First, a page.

Before going to Dubai to cover the Air Show, Addy and I went diving last month in the Indian Ocean, where dive computers are obligatory. I got myself a $350 Suunto Mosquito. It's a cool little dive computer, rock-solid, with a computer connection to download diving profiles and a great design. But when you compare it to this Jaeger-LeCoultre Master Compressor Diving Pro Geographic, the Mosquito is also a piece of c-r-a-p, CRAP. The Jaeger-LeCoultre is not a computer, but it's a wonder of mechanical engineering that can measure depths down to 262 feet with a unique membrane-based gauge system.

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The titanium model is capable of going down to 3,281 feet (1,000 meters), as tested by their submarine robot in waters all across the world. Its mechanical automatic Jaeger-LeCoultre Calibre 979 innards are handcrafted, with 247 parts, 29 jewels and ticks at 28,800 vibrations per hour. While it's not the most complicated watch in the world, which is one of the benchmarks of such a machine, it's pretty much up there.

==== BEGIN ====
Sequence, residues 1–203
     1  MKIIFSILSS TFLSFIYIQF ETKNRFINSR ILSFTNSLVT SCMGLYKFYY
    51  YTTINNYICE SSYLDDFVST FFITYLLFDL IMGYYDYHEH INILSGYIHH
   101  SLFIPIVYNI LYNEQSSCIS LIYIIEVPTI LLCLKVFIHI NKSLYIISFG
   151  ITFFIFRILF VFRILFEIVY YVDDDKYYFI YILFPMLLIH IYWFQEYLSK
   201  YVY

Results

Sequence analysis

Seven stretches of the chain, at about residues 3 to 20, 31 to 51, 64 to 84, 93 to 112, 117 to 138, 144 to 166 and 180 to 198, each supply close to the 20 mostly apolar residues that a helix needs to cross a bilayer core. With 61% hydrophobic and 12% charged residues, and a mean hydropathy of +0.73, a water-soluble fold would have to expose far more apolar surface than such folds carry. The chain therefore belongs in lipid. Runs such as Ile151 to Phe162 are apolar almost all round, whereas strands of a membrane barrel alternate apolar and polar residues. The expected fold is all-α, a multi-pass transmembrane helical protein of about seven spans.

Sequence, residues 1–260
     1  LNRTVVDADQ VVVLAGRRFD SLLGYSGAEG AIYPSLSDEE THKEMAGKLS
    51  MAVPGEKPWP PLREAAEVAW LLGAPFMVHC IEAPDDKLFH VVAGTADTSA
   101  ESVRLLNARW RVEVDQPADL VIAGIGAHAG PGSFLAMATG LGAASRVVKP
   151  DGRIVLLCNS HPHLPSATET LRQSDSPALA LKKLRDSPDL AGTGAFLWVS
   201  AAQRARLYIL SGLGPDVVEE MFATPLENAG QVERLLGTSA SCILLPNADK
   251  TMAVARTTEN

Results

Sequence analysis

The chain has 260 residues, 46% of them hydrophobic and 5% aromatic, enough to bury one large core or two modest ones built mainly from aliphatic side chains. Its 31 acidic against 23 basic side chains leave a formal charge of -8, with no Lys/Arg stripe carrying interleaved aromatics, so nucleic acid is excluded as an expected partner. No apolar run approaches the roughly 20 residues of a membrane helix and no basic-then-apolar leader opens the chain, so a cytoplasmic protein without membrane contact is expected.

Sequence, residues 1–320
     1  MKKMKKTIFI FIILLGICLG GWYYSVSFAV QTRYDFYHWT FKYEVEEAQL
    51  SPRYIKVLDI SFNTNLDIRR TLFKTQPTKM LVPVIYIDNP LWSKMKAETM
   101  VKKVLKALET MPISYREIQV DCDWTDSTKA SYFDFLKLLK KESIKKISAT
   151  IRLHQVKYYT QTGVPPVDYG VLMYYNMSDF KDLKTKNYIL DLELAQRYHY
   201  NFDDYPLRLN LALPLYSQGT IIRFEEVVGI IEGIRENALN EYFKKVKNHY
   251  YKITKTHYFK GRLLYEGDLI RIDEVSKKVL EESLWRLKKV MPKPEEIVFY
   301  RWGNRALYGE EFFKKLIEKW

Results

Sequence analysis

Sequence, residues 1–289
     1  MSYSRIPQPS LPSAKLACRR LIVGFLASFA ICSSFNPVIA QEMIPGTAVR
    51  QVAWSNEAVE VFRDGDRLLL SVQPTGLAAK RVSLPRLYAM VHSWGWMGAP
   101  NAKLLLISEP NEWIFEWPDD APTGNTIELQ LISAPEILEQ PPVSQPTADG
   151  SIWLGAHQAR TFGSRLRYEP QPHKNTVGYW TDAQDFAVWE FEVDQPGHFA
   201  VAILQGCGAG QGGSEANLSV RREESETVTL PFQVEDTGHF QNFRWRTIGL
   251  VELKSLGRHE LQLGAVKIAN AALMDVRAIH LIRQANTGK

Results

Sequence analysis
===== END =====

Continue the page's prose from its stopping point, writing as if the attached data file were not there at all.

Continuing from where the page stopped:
On its face you can find six levels of information, showing things like the dual time zone support, a 24-city selection disk for automatic time-zone adjustment, a split-level date display, and the operating indicator (which is crucial for diving). There's also a depth scale situated in the outer ring, color coded to highlight the typical depths of diving, from the 0 to 20 meters for a typical beginner (like me) to the 20 to 40 meters (which is the usual no-decompression-required depth for advanced recreational divers). The depth scale is connected with pinions to the membrane mechanism that measures the pressure, which is a Jaeger-LeCoultre patented system. The system doesn't only react to water pressure: if you press your finger against it you will see it moving.

The watch is visually stunning, with the color blue really giving it a beautiful accent. The blue is not a matter of design: it's used because, at 30 meters below the surface, blue is the only color you can distinguish thanks to water's light filtering properties. However, the final effect is perfect.


The Master Compressor Diving Pro Geographic is available with articulated rubber bracelet (my favorite), as well as with titanium (if you really want it to last) and leather (if you just want to go around showing everyone this amazing beast). I know some people would say "so what, my Timex can do all this too." So can the $365 Suunto. But to me, however, a perfect machine like this is worth every one of the $22,000 of its price tag.

And yes, with that price I will be stuck with the Mosquito for a very long time. [Jaeger-LeCoultre]